For the most part, bras tend to get a bad rap. They’re too tight. They’re too big. They pinch and poke in weird places. Knowing your exact size is a puzzle of numbers and letters to piece together. Finding a bra and brand you really love may take years. Bras are just, well, hard to figure out for a lot of people. It stands to reason that many are now asking the question: Do I need to wear a bra?
General disdain for bras might explain why not having to wear one as much these days — due to quarantining and social distancing — is a small silver lining. On social media, people are mostly enjoying this bra hiatus. One person questioned whether they’ll ever wear a bra again. Someone else remarked that they couldn’t even remember what a bra looks like. And the general consensus is that one of the main perks of working from home is the ability to go braless.
With so much going on in the world, it’s more than understandable that people are fully embracing the bra-free lifestyle. But if you’ve regularly worn a bra until now, you might be wondering, “Wait, do I need to be wearing a bra?” Or you may be curious about how bras affect breast sagging. Whatever the issue, read on for expert answers to all your pressing bra-related questions.
Do I need to wear a bra?
Put simply: nope. According to Dr. Lucky Sekhon, a reproductive endocrinologist, infertility specialist, and OB-GYN at Reproductive Medicine Associates of New York, bras don’t need to be worn for any specific purpose.
“No, it is not necessary to wear a bra,” Sekhon tells Bustle. “However, many women with large, full breasts may find it more comfortable to wear a comfortable bra to provide support.”
She adds that women with any size breasts who run or play sports should definitely invest in a comfortable sports bra to protect their breasts and chest wall muscles from pain and possible injury.
Will my breasts sag more if I don't wear a bra?
Consider this myth busted, too.
“Aside from the necessary support required to counteract repetitive stress from vigorous exercise and the impact of gravity, studies have not shown that regular bra wearing reduces breast sagging,” Sekhon explains. “Breast sagging is a function of genetics and how your muscles [and] tissue hold up to the test of time.”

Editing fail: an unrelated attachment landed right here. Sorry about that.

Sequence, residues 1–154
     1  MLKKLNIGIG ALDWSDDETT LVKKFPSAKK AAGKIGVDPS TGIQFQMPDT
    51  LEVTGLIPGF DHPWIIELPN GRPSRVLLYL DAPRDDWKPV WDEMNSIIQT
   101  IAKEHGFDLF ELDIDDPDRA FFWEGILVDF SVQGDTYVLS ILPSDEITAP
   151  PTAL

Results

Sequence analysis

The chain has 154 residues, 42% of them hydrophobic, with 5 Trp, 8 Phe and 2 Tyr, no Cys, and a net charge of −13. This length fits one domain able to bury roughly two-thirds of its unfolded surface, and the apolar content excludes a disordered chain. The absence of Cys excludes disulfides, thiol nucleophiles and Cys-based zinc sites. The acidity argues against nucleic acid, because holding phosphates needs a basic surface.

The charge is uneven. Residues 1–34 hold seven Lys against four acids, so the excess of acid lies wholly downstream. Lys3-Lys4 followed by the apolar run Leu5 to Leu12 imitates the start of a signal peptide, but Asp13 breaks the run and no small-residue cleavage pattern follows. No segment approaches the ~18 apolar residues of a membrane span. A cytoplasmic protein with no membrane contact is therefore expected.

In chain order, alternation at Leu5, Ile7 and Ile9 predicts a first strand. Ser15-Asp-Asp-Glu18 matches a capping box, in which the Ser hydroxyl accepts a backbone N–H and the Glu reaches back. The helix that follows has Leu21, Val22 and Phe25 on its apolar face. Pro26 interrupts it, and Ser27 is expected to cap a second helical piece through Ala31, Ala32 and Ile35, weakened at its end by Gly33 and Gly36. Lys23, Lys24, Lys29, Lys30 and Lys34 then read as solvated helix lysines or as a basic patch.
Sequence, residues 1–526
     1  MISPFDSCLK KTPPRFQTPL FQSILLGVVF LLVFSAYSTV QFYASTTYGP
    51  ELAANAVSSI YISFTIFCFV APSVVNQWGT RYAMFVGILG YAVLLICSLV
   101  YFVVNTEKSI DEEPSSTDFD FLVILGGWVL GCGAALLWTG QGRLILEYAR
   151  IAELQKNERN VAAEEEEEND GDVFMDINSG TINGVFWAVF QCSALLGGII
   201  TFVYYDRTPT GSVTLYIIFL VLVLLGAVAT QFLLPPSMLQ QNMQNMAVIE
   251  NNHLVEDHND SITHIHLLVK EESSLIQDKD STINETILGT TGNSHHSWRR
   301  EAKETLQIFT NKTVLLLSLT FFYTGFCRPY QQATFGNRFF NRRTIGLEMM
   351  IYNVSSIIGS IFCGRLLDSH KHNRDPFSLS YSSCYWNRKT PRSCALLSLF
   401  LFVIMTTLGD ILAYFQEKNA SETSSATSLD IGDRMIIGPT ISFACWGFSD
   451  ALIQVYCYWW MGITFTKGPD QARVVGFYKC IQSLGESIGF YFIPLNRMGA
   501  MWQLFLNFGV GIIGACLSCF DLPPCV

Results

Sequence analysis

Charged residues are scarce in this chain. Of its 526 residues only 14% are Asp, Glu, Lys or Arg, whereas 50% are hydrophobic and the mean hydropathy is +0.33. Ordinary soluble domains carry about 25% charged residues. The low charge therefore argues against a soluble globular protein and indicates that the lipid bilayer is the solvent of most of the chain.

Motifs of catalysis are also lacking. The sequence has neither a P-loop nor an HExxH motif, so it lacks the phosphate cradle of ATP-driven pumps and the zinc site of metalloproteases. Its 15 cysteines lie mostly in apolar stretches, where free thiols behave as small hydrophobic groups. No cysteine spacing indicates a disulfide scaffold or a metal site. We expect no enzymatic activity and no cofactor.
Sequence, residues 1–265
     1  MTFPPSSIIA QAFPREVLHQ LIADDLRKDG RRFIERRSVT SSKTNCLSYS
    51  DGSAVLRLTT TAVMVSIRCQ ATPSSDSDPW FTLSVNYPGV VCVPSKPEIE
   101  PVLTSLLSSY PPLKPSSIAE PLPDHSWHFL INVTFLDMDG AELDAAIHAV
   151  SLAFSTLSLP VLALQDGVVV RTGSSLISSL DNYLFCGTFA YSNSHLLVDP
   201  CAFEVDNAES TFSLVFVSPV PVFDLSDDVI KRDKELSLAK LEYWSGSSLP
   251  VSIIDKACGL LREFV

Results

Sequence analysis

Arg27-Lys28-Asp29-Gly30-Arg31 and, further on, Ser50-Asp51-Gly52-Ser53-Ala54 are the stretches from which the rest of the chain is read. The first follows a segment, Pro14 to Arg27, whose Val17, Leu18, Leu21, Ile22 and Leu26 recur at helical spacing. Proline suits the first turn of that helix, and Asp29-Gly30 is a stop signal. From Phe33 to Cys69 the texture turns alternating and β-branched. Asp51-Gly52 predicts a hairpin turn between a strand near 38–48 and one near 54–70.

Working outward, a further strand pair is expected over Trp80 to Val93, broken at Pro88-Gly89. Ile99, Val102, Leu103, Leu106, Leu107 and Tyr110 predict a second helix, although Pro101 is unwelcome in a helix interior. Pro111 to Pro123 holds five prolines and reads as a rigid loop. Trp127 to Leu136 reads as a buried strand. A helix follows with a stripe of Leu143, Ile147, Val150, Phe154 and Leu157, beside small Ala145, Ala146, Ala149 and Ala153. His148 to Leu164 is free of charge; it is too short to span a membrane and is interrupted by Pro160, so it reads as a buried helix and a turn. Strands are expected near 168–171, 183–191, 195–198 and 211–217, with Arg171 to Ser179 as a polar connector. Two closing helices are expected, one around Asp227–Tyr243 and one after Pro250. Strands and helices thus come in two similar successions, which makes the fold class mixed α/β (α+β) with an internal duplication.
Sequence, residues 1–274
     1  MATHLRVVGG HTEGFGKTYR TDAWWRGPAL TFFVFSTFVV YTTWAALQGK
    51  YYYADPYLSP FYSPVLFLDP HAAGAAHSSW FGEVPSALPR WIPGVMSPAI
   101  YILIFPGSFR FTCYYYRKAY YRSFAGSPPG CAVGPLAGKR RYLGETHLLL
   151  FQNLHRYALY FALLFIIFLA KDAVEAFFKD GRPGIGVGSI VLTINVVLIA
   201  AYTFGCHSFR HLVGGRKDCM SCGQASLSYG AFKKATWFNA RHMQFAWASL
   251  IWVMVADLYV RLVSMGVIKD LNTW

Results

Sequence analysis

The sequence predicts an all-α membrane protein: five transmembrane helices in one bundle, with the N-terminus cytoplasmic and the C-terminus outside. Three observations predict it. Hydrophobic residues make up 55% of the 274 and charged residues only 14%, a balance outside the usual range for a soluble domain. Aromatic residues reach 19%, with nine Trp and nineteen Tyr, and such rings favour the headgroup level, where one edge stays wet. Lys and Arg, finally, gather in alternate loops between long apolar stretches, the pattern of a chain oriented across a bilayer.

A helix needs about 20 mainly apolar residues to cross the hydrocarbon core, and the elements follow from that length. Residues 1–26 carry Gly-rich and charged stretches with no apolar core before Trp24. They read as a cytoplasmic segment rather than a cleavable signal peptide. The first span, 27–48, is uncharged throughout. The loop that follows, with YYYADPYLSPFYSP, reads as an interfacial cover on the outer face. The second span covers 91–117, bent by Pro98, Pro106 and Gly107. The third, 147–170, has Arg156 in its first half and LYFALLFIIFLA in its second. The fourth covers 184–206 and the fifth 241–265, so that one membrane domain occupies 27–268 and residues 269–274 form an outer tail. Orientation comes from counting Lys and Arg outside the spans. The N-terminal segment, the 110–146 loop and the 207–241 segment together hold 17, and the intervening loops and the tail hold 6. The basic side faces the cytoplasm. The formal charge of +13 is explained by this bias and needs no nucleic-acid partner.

If I don't wear a bra, will it make my chest muscles stronger?
Sekhon says while some studies show that the chest muscles that naturally support the breasts become strengthened over time if a woman forgoes wearing a bra, you generally want to proceed with caution here.
“Some claim that this may paradoxically result in firmer, perkier, rounder breasts,” she says. “It is important to exercise common sense and utilize a bra for support when it feels needed, and during activities where additional support makes sense, i.e. exercise.”
If your apparel is made from certain fabrics, it may be more comfortable to wear a bra because it can serve a protective purpose: Some materials are more likely to cause skin chafing and irritation.
And if your breasts are heavy, the sensible choice might be wearing bras regularly, which is totally OK, explains Phoebe Kunitomi, the founder and CEO of Okko. “For some of us, boobs are heavy, and without any support, that weight can strain your back and worsen posture,” Kunitomi says. “This is especially true if you do anything more than a low- to no-impact activity, even walking.”
Which factors are most important to keep in mind when shopping for bras?
“Right now, comfort is key,” says Holly Wilson, vice president of design at Soma Intimates. “Bralettes and wireless bra options that are super soft give you the support you need while being comfortable. You might forget you have one on.”
Many people do not realize that the band provides the primary source of support for bras, Wilson explains. It should be level all the way around your body and positioned just below your shoulder blades. It ought to be nice and snug but comfortable when you are seated.
“The edges of the cups should lie flat against your body, and your breasts should face forward and be positioned midway between your shoulders and elbows,” Wilson says. “Finally, your straps should be comfortable and stay in place. You should be able to slip a finger between your shoulder and strap, and you should readjust your straps with every wearing.”